Classes started earlier this September, so I’ve been caught up in something I’ve never been caught up in before: a calm, manageable life.
I’m a Master’s student in my second year of theology – doing a master’s thesis and grad school applications, no less. I’ve got a job, I’m battling mental illness (depression and anxiety, although I am grateful to say that a balance of medication and therapy is working wonders for me), and I’ve got my share of trials and tribulations. However, I changed a lot of things in my life, which in turn changed just one thing in my life: being kind to, and understanding with, myself. And that has made ALL the difference.
College stress culture is unreal (especially in graduate school). There is an expectation, a standard, of exhaustion. We’re judged by how exhausted we are; the measure of our hard work is calculated with the hours of sleeplessness, the amount of stress and sickness that burdens us. And we wear these things like badges, brandish them in competitions: “You think staying up for two nights is crazy? I remember I once spent 80 hours awake and I didn’t even stop to take a shit!” Last year was debilitating for me because I was still in this mindset; taking on too many things at once, and not resting (or seeking professional help), I went through very dangerous stages of burn-out, exhaustion, and lifelessness that almost cost me my life. Twice.
So it is beautifully strange to sit in my room and be able to BREATHE – to be quiet, to be at peace, to have control over my workload and not be overwhelmed by it. I have been so used to the tumult and chaos of my life that, in this quiet calm, I struggle to hear the Voices of my Gods (although I have a feeling this is the clearest I’ve ever heard Them!). I space out my assignments over several days, always taking time to do three things: to have at least two or three hours of down-time a day, to sleep a full nine hours every night, and to do all of my work at the university instead of in my room. I’m setting habits, getting into a routine, and getting shit done. And it feels fucking amazing – hell, it feels unreal. I am still fighting the impulses of my brain interpreting peace and quiet as a warning sign that something has to be done, but I’m getting there.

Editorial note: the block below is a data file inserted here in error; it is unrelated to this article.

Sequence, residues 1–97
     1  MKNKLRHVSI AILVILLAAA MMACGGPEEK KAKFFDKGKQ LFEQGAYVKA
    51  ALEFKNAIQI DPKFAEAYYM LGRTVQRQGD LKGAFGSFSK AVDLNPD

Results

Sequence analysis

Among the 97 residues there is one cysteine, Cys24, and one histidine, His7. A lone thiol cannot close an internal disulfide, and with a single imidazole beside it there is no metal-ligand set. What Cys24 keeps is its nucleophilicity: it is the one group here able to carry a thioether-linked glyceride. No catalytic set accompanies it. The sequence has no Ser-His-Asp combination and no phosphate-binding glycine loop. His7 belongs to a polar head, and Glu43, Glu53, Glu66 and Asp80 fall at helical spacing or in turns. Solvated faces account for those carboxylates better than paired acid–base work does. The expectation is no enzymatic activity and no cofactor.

I’m being kind to myself, too. Sometimes I’m working at 1000%. My brain is clear and I’m ready to work. And sometimes I wake up and I’m functioning at 70%, where my words get stuck, or it just takes me a little longer to get something done, or my brain just doesn’t process very quickly. Instead of punishing myself, I remind myself that I am not a machine that has to work at 1000% efficiency always – I schedule the amount of work I CAN do and, whatever I cannot do, I save it for tomorrow. Challenging myself doesn’t mean that I have to whip myself to work – it means understanding my limits and discerning whether I should push it just a little bit or not at all.
This has fucking changed my life. Thanks be to the Gods, who brought me here and made me finally understand this. An especial thanks to Loki, who burned everything that was in my way… including myself.
So this is why I’ve been quiet. I’ve been adjusting to the rhythm, learning how to work with myself instead of against myself. I’m recalibrating my godphone, so to speak, and I can already feel that the bonds with my Gods (particularly Cernunnos and Loki) will be changing and deepening immensely. For Them I am eternally grateful, and I am happy that I am having this time of peace and productivity as I get to where I need to me.
In the coming days I’m going to try something new and scary: doing video logs of topics (such as #mypolytheism!) and uploading them on Youtube. I think I am much more eloquent and refined on paper but, hell, ya don’t know till ya try. With the #mypolytheism submission, I’ve found that all of the components of #mypolytheism (from my interpretation) are too much for one blog post. Ergo the philosophy of spacing them out!
Basically, I don’t know what’s going on, but I’m excited. I’m really, really excited.